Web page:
If you’re like most of us, a runny nose, sneezing and coughing during the winter months probably makes you think you have a cold. However, if you find yourself frequently dealing with sniffling and sneezing, you may be dealing with something else entirely — winter allergies.
The branches are bare, snow is on the ground and there is hardly any pollen circulating through the air. How can you have winter allergies when common summer allergens are nowhere to be found?
Since you’re spending more time indoors, you’re more exposed to indoor allergens like mold spores, pet dander, dust mites, smoke and other irritating fumes. Unfortunately, if you deal with spring and summer allergies, you’ll likely find yourself prone to winter ones, too.
Tips for Fighting Winter Allergies
Make sure you’re dealing with allergies: Fatigue, body aches and sometimes fevers are usually associated with colds, not allergies. In addition, most colds last for about a week. If you find your symptoms persist past a week and feature itchy or watery eyes, you may be dealing with allergies.
Use an exhaust fan: To help remove excess moisture and odors from the air when cooking or showering.
Wash your hands frequently: Not only can handwashing help keep you healthy during the winter months, it also reduces the amount of allergens on your hands. If you’re sensitive to pet dander, wash your hands after playing with or petting your pets. Also, try to keep pets off of your bed.
Deal with the allergen, if you can: If you have an issue with mold, keep the humidity in your home below 50 percent with a dehumidifier. Running an exhaust fan when showering also helps reduce mold, as can getting new shower curtains, wallpaper, curtains or carpet if they have mold. Using a HEPA filter when vacuuming or running one in your home helps reduce the amount of dust in the air, and high efficiency furnace filters can also help reduce the amount of allergens in the air. Also, make sure to wash your bedding with hot water at least once per week.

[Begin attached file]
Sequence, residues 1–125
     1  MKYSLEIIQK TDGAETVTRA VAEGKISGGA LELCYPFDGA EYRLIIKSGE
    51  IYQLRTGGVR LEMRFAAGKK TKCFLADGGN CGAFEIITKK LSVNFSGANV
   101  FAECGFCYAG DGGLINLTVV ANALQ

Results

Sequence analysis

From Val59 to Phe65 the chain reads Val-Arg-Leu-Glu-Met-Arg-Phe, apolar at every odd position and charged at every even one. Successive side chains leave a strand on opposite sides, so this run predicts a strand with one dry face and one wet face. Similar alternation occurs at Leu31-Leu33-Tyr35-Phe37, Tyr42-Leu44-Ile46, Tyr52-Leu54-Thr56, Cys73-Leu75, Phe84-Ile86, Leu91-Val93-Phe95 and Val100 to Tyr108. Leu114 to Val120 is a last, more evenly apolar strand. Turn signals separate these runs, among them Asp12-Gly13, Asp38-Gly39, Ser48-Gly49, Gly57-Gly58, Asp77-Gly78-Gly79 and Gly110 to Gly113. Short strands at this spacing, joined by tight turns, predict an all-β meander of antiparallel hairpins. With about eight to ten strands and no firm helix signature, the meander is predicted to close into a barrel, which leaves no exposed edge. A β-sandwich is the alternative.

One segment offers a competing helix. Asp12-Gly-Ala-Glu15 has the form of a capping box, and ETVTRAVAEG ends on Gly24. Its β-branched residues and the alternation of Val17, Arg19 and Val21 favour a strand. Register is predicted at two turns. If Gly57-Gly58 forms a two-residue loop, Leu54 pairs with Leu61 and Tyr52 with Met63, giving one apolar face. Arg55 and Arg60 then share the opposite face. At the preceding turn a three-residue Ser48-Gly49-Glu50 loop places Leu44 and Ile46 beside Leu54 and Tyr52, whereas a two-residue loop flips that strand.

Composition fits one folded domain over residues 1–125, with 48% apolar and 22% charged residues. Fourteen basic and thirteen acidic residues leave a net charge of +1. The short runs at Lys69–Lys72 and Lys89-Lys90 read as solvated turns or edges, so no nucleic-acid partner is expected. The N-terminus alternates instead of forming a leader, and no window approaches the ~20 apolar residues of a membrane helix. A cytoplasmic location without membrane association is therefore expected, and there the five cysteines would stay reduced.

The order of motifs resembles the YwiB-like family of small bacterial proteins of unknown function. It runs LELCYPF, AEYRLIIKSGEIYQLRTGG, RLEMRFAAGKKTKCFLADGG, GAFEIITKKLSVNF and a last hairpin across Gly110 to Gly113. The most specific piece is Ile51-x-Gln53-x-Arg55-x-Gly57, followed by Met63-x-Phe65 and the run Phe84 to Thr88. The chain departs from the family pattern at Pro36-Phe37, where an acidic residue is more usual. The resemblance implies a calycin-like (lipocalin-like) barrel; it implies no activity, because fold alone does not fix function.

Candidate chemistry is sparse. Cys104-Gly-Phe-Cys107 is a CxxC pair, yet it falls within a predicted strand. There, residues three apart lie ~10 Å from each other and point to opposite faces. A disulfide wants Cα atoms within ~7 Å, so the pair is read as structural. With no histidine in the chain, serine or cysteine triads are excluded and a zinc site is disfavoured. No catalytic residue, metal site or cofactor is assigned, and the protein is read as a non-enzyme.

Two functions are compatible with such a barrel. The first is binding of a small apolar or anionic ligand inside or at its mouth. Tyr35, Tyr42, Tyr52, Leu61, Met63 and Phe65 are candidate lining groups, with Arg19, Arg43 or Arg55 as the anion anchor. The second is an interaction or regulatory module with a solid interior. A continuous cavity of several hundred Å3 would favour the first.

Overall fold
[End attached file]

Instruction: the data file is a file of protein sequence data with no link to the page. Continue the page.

Survey your home: Each month survey the inside and outside of your home. Look for obvious triggers for winter allergies like mold and dust, and eliminate them. Also, keep an eye out for areas that could become at risk for mold formation — like firewood near the house or a musty area in the basement.
Visit your doctor: Confused about whether you’re dealing with a cold or winter allergies? Talk to your doctor about your symptoms and possible treatment options.